In the ‘Feedback’ section of last week’s Leeds Student, amidst the cries of disagreement and support over the Nick Griffin article sat a letter that asking for more female voices in the paper. A refreshing change from the barrage of letters calling for silence (albeit, from a racist and homophobic dick). The letter encouraged “women to write in and make their voices heard”. Booyeah, feminism.
Pushing for more female voices in a student newspaper is a worthy pursuit, though the way in which we achieve this is something that poses a difficulty for most editors. The term ‘positive discrimination’ springs to mind, a phrase that so frequently muddies the feminist waters. ‘But like, how is holding the door open for you sexist?’ someone exclaims, a confused look spread across their face. Well, imaginary-person, holding the door open for me isn’t innately sexist, holding it open because I’m a woman, is.
Picking female writers over male writers unfortunately also falls into this category. Currently going through the EU is a referendum to call for quotas to ensure more females in high-level boardroom jobs and indeed, there are many arguments for this. When the issue with getting women into management positions comes down to not whether they’re good enough, but that they’re just simply not applying, the problem is the perception, not the women. Changing the number of women in these positions allows other women to see the possibility of achieving these jobs, more women apply and et voilà, change occurs.
There’s a significant difference between the boardroom and journalism though, apart from the fact one is dull and one is the bomb. Whereas women frequently feel what’s expected of them to become the CEO is in tension with what they feel they are, journalism is different. Obviously to say that a particular job appeals to a particular gender is to make assumptions about what each gender is, or is expect to be, which is hugely regressive, but regardless, journalism reaches beyond presumptuous gender generalisations. It is because of this that picking female writers over male writers specifically for the newspaper would be massively harmful. The author of the letter acknowledges this later on when she asks for women to write, not for us to just put more writers in – however, we should be aspiring to put the best articles in, because they’re the best written, not because they’re written by women.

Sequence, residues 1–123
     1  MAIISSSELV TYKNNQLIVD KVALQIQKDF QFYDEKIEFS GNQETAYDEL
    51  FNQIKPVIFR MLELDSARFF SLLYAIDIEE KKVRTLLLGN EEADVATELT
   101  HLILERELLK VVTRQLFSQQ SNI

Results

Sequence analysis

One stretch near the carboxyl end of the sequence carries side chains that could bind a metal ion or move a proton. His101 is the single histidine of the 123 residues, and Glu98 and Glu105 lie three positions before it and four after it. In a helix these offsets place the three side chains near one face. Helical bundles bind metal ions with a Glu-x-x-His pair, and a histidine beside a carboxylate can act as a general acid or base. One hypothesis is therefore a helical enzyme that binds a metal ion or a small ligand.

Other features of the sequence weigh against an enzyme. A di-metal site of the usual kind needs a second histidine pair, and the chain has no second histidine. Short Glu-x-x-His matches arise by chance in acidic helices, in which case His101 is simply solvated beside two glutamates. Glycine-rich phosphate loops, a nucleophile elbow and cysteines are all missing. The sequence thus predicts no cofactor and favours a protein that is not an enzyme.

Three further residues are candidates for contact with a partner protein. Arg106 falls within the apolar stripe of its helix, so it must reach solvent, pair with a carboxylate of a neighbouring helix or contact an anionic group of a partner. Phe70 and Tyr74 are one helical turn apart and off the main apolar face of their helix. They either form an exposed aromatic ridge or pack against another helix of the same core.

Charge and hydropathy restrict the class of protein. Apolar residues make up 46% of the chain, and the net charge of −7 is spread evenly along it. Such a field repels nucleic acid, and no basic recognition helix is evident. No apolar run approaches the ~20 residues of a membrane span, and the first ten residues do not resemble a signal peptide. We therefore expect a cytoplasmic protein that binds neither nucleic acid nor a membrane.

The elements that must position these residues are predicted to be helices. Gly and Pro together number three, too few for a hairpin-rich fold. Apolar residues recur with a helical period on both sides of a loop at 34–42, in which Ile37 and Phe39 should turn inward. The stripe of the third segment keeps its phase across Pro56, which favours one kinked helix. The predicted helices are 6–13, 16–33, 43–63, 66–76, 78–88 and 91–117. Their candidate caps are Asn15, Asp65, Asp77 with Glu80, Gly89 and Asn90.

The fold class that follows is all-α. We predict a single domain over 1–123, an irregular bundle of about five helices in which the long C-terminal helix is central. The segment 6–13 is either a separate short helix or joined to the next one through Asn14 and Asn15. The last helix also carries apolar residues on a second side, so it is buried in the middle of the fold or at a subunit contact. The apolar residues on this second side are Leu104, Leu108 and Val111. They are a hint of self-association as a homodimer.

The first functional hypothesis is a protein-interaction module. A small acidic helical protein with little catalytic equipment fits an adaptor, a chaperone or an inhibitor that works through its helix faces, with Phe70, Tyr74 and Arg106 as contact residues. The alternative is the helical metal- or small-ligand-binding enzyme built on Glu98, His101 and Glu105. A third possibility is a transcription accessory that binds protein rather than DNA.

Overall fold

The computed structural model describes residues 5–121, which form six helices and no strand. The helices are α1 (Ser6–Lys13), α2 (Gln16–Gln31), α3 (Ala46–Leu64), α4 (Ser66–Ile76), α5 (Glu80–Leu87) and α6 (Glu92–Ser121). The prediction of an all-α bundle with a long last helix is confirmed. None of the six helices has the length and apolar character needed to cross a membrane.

Comment is chosen ultimately on the quality of writing, and how relevant the articles are to the paper that week, not based on the person who has written it. We should look beyond the author of the piece, and see that feminist issues are so frequently covered, and aren’t only cared about by women, so shouldn’t be expected to be written by women. It is the articles that are interesting, contentious, ambitious and thought provoking that get put in the paper, irrespective of the author.
By Ruby Lott-Lavigna, Comment Editor